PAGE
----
Zonta Club of Vantaa II Presents Centennial Anniversary Grant to Benefit Immigrant Women in Finland
On 15 September, members of the Zonta Club of Vantaa II met with the Finnish Federation of Graduate Women, Vantaa Branch, to hand over the US$5,000 Centennial Anniversary Grant awarded by Zonta International.
The award-winning project is called Let’s Work Together, launched at the beginning of 2018. The goal was to employ immigrant women and teach them the Finnish language and Finnish practices. Marja-Liisa Toivanen acted as a “Primus Motor.”
The president of the association, Raija Sollamo, was delighted that the Zonta Club of Vantaa II chose them as a partner and emphasized how rare it is to distribute grants outside of your organization.
“The grant was really needed. We are currently operating in the Western part of the city, but are aiming to find partners and expand our project elsewhere in Vantaa.”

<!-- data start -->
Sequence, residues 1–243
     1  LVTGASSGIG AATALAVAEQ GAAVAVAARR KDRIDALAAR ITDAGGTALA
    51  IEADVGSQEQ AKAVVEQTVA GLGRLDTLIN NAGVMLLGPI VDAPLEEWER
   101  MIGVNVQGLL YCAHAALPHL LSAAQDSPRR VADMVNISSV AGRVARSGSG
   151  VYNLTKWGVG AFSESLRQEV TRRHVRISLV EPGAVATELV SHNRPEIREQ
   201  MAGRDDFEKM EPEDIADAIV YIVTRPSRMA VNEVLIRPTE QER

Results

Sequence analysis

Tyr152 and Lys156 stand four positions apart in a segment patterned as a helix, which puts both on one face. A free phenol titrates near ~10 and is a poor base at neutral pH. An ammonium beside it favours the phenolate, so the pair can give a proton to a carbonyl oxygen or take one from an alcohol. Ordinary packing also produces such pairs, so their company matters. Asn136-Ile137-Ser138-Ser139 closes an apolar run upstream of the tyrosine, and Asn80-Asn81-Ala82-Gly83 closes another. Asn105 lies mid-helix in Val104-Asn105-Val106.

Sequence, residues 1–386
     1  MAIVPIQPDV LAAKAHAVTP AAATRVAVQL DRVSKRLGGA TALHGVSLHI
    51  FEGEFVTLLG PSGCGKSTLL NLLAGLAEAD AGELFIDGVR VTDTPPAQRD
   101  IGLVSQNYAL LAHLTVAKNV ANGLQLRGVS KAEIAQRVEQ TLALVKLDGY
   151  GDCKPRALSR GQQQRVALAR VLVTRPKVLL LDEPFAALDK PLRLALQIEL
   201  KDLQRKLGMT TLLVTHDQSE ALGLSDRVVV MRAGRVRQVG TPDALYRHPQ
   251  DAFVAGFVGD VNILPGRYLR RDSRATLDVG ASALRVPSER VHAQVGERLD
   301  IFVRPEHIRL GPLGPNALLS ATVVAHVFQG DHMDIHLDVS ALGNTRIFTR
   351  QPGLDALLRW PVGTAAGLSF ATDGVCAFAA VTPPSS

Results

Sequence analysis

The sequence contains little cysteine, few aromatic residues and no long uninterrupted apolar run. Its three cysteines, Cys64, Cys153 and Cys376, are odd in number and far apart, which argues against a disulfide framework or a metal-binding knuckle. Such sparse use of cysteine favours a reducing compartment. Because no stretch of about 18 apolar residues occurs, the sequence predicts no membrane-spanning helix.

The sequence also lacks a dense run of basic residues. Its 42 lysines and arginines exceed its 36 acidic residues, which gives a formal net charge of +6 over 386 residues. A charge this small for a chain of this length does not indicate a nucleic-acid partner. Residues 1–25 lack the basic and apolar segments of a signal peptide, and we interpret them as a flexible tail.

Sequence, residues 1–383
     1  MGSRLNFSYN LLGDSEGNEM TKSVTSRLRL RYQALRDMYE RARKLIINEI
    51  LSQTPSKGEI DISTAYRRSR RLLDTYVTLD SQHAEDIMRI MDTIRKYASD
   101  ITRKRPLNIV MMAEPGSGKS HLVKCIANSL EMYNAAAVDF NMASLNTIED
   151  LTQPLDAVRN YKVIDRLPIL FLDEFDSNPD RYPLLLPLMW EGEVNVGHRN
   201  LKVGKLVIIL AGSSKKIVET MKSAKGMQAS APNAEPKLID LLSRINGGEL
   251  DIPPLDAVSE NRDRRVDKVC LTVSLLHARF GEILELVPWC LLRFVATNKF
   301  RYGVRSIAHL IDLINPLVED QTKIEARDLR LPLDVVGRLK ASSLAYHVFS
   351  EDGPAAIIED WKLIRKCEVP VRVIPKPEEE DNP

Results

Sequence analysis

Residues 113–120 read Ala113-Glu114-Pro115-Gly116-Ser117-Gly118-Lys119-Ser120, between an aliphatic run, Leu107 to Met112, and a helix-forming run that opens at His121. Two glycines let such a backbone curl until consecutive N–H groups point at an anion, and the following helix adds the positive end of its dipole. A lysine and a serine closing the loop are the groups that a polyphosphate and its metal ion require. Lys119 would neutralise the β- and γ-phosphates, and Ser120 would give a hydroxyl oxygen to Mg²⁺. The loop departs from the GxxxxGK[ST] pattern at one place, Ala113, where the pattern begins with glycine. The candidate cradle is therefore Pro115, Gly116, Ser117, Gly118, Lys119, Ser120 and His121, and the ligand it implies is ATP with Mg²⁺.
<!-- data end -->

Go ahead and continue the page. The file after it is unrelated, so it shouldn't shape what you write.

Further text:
The idea for the project came about during the Let’s Read Together campaign, when it was noticed that immigrant women needed encouragement to use a new language and work outside the home. Many of them already have qualifications in their country of origin, but do not have access to employment due to lacking language skills. Fathers and children of immigrant families quickly learn Finnish at work and at school, but the situation is more difficult for women at home.
The purpose of the Let’s Work Together project is to provide help for the elderly, convalescent, carers and housewives, while also providing opportunities for immigrant women. The arrangement benefits both parties: the service buyer gets help and the immigrant woman gets to improve her Finnish language skills and to know the local culture, while the employer acts as a job instructor.
The project coordinator, Zana Kerveshi, migrated to Finland from Kosovo in 1992 while looking for a job. She now brings together immigrants who are in need of work and Finnish-speaking people who need help in their households.
“Both parties have been satisfied with the results. There have been nearly 40 immigrants, of which some have already been really employed, having gained work experience and improved their language skills. What we need now is more employers.”